Trent Reznor pens emotional essay on bond with David Bowie

Posted on Jan 26 2016 - 10:00pm by
Trent Reznor of Nine Inch Nails performs during Lollapalooza in 2013.Theo Wargo/Getty Images

Trent Reznor of Nine Inch Nails performs during Lollapalooza in 2013.

Nine Inch Nails frontman Trent Reznor lost more than a friend when David Bowie died.

The Nine Inch Nails frontman referred to Bowie as a “fatherly figure” that helped him get sober in a new personal essay published by Rolling Stone on Tuesday.

“I didn’t think we were done,” Reznor wrote about Bowie’s sudden passing. “It feels like the loss of a mentor, someone looking out for you, reminding you that in a world where the bar keeps seeming to be lower, where stupidity has got a foothold, there is room for excellence and uncompromising vision”

Reznor recounted the pair touring together in the mid-1990s, during Bowie’s “Outside” and “Earthling” years. He said that Bowie played a part in helping him successfully beat addiction in the long run, because at the time the Nine Inch Nails frontman himself was “a mess.”

“This was the peak of Nine Inch Nails’ newfound rocket ship of fame. It distorted my personality and became overwhelming” Reznor wrote. “My way of dealing with life was to numb myself with drugs and alcohol, because it made me feel better and more equipped to deal with everything.

“When I met David, he had been through that. And he was content. He was at peace with himself, with an incredible wife, clearly in love. There were a number of times where the two of us were alone, and he said some things that weren’t scolding, but pieces of wisdom that stuck with me: “You know, there is a better way here, and it doesn’t have to end in despair or in death, in the bottom.”

David Bowie toured on the same bill with Nine Inch Nails in the mid-1990s.STRINGER/REUTERS

David Bowie toured on the same bill with Nine Inch Nails in the mid-1990s.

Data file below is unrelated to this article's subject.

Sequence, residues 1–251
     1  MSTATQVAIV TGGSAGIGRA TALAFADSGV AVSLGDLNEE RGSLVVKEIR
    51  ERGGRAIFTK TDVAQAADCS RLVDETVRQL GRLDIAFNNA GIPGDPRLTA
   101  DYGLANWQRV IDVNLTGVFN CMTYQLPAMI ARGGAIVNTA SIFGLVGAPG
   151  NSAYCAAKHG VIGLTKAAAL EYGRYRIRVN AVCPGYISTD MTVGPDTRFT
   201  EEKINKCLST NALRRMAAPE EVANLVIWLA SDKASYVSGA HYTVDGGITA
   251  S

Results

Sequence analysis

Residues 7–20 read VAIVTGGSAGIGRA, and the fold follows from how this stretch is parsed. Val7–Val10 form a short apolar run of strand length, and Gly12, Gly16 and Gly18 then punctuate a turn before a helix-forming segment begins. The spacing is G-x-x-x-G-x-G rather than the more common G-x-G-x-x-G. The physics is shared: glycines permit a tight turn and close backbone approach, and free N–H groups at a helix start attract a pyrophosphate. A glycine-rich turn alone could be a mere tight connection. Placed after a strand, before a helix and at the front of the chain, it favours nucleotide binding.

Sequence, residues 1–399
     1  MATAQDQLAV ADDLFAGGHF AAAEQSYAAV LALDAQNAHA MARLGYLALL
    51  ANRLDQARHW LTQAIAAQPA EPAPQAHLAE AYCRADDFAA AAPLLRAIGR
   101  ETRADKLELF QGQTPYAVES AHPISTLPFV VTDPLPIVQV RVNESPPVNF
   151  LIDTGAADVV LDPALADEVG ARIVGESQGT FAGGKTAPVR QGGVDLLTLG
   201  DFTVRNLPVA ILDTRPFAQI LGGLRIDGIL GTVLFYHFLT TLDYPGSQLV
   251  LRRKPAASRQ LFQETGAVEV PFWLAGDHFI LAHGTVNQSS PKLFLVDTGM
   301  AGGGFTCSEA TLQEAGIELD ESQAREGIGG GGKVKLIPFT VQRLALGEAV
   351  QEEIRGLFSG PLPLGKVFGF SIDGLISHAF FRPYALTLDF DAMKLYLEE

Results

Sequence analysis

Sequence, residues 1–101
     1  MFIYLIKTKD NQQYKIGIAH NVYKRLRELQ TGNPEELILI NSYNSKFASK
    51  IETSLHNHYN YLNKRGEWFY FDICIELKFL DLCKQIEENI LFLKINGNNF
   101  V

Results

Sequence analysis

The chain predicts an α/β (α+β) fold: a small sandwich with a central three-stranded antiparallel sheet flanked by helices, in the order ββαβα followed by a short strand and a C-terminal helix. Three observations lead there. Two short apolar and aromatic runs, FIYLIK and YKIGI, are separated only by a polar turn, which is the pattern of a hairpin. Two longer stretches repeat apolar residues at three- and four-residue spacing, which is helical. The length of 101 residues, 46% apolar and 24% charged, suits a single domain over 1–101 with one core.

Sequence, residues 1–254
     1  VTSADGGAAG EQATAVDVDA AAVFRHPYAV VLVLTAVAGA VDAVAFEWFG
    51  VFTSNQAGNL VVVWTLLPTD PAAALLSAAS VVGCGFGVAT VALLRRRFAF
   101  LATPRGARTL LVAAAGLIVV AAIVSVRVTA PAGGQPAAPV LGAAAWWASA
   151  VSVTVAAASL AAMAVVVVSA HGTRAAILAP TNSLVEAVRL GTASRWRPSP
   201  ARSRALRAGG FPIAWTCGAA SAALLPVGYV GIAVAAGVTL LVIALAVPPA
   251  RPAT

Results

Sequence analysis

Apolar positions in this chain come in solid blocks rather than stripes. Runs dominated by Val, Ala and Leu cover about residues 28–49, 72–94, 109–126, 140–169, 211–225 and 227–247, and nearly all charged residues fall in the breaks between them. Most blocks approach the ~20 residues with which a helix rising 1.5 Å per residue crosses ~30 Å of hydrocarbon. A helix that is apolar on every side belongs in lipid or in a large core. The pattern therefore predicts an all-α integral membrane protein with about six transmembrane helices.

During that same tour, Bowie openly admitted that he believed Nine Inch Nails would “blow us away every night,” slighting his own band. Reznor wrote that he was humbled to be “witnessing firsthand the fearlessness” that Bowie possessed.

One of Reznor’s career highlights was singing his band’s hit song “Hurt” with Bowie during those shows.

“I was outside of myself, thinking, ‘I’m standing onstage next to the most important influence I’ve ever had, and he’s singing a song I wrote in my bedroom.’ It was just an awesome moment,” he wrote.

After hitting rock bottom, Reznor met Bowie again years later, and the “Changes” singer had a heartwarming reaction to learning that the Nine Inch Nails frontman was sober.

“I wanted to thank him in the way that he helped me. And I reluctantly went backstage, feeling weird and ashamed, like, ‘Hey, I’m the guy that puked on the rug.’ And again, I was met with warmth, and grace, and love,” Reznor wrote. “And I started to say, ‘Hey listen, I’ve been clean for …’ I don’t even think I finished the sentence; I got a big hug. And he said, ‘I knew. I knew you’d do that. I knew you’d come out of that.’ I have goosebumps right now just thinking about it. It was another very important moment in my life.”

Bowie isn’t the only musical legend that Reznor has close ties to — Johnny Cash famously covered his song “Hurt.”

The music video for the Cash cover brought Reznor to tears, and he told The Alternative Press in 2004 “that song isn’t mine anymore.”

Reznor has opened up about his past drug use before. In a 2005 interview with Kerrang!, he described his sobriety battles as “a persona that had run its course.”

“I needed to get my priorities straight, my head screwed on,” he said. “Instead of always working, I took a couple of years off, just to figure out who I was and working out if I wanted to keep doing this or not. I had become a terrible addict; I needed to get my s–t together, figure out what had happened.”

nparco@nydailynews.com

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